Other Costs

When you decide to type everything, it's a slippery slope. When you need to pull back from Java's typing system, you can't always do so. You're starting to see many examples of Java libraries working around the typing in unusual ways. Study the JMX interface for an excellent example. Does it use strong typing? It appears that way, at first. Then you dig in a little and find what only can be conceptually described as an embedded type systema mini-language, embedded in a String parameter called ObjectID, with a complete language description in the JavaDoc and syntax completely opaque to compilers and interface generators and processors. Java's type system failed here. JMX architects bypassed the type system, building metadata into strings and other objects. If you look around, you'll find other examples of this as well. Most often, Java hides weaker types, or dynamic types, as strings.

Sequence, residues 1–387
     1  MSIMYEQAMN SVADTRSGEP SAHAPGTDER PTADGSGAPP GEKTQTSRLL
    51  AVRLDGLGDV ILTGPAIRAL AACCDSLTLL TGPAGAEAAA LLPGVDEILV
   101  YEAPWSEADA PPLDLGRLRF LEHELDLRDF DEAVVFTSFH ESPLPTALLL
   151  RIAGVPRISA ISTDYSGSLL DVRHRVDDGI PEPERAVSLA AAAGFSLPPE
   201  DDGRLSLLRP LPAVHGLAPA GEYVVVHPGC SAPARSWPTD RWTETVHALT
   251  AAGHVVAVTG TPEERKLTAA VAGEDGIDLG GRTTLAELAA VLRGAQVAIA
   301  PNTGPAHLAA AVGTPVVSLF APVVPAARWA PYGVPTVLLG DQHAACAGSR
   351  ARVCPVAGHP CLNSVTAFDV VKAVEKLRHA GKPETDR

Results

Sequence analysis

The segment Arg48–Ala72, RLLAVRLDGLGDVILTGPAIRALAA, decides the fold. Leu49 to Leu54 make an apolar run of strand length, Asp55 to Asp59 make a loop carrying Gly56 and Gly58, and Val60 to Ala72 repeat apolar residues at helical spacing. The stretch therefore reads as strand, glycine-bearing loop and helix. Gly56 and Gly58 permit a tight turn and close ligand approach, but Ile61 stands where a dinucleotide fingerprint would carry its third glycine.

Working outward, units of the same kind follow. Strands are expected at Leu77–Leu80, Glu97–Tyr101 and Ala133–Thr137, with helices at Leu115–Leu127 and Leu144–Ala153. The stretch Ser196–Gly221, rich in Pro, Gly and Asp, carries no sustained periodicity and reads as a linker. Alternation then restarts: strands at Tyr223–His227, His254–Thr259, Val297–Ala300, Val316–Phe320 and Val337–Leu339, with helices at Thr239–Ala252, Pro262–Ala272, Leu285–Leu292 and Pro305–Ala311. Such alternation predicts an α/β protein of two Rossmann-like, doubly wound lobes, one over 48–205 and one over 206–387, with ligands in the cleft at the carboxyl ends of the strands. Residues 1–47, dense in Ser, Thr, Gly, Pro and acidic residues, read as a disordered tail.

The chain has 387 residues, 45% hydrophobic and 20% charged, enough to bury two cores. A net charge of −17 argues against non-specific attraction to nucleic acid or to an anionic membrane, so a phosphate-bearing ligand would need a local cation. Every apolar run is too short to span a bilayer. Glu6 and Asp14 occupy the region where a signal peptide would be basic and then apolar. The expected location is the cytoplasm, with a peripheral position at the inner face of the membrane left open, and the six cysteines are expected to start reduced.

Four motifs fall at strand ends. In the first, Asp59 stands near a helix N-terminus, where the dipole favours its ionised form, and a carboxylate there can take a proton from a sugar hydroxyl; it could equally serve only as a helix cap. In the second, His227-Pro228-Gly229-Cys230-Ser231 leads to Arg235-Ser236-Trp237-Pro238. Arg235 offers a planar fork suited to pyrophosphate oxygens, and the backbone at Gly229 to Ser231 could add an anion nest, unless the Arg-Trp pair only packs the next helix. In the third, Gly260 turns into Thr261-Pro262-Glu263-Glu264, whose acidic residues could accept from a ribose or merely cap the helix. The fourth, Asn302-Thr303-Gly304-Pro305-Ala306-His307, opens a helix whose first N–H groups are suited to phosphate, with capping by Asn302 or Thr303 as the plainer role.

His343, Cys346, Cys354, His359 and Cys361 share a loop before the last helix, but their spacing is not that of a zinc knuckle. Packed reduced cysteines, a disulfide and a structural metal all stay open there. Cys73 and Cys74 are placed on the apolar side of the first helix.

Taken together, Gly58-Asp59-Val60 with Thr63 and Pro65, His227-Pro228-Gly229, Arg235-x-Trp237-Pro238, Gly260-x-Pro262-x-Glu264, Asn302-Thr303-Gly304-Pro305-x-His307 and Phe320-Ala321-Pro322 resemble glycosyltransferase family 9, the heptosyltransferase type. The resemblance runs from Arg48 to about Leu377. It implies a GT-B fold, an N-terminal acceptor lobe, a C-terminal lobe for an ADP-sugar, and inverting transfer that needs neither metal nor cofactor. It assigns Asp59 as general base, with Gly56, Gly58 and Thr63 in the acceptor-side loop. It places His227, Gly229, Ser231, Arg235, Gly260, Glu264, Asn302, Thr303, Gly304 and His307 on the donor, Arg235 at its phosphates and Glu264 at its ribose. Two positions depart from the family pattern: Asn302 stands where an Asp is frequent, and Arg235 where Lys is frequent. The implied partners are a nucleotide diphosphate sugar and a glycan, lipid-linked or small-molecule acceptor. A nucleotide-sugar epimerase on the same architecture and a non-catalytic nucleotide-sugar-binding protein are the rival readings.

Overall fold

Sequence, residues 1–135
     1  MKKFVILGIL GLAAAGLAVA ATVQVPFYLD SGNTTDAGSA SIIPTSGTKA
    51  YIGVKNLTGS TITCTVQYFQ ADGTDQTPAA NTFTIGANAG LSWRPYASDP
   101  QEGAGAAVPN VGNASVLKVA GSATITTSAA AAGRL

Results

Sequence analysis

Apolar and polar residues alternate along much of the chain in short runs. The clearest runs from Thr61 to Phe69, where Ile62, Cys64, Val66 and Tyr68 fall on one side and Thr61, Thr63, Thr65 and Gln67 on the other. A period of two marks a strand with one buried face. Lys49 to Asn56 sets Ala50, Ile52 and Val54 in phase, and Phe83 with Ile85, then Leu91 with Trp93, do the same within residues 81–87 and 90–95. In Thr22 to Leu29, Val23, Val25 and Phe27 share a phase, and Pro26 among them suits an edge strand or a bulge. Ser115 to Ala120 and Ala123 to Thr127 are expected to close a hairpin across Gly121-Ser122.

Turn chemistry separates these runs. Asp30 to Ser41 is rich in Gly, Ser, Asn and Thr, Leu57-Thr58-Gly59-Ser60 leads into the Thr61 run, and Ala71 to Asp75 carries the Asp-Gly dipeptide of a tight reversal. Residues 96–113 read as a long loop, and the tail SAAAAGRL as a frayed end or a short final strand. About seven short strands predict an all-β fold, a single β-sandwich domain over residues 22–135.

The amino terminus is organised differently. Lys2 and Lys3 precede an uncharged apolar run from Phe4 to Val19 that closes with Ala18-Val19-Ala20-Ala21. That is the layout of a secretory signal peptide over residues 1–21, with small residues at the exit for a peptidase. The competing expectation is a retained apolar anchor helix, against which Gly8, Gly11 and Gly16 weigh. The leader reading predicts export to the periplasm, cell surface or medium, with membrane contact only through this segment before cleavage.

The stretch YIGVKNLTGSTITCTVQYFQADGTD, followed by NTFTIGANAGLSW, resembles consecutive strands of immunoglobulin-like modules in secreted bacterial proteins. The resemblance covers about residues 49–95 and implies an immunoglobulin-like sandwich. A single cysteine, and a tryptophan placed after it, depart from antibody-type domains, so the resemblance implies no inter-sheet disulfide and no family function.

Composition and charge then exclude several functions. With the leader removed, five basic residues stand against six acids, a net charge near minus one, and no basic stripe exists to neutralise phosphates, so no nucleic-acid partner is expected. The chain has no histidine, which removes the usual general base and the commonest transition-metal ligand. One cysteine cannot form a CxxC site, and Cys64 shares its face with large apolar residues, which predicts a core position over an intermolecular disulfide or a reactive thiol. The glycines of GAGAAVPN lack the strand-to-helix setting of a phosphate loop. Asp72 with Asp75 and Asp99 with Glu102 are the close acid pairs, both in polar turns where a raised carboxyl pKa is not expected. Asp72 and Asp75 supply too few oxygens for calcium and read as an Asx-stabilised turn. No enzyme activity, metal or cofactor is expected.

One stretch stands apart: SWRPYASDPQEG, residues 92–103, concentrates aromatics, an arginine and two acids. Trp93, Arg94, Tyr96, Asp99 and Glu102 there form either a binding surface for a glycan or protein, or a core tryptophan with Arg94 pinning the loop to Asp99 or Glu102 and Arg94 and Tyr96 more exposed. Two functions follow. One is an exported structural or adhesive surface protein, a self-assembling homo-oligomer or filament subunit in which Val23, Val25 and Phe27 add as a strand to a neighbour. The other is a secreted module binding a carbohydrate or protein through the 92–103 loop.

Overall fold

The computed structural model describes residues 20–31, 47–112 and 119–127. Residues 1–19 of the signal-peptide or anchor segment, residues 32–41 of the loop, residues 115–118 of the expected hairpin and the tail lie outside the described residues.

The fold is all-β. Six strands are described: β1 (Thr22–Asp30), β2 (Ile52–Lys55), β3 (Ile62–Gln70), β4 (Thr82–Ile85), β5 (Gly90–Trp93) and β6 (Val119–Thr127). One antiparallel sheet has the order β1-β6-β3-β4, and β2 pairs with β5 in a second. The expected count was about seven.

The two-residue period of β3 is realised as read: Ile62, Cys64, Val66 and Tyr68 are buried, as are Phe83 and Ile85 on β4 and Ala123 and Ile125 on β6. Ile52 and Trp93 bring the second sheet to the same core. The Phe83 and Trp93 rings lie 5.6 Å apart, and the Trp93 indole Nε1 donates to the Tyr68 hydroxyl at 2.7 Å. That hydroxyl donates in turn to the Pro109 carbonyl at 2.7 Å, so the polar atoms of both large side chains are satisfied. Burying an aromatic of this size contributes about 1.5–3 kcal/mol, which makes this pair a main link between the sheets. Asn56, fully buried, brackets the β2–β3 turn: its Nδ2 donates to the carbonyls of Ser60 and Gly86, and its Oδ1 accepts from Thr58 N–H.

The Benefits of Static Typing

After reading about all of the negatives, you're probably wondering why anyone would ever opt for strong, static typing. There are at least two compelling reasons to do so. Static typing reduces certain types of errors (like misspelled variable names), and provides more information for your IDE and other tools. (Most security-related typing arguments refer to weak typing, not dynamic typing.)

Take the following application. Java will catch this error at compile time:

    int consumer;
    if (conusmer =  = 0) return consumer;  //spelling error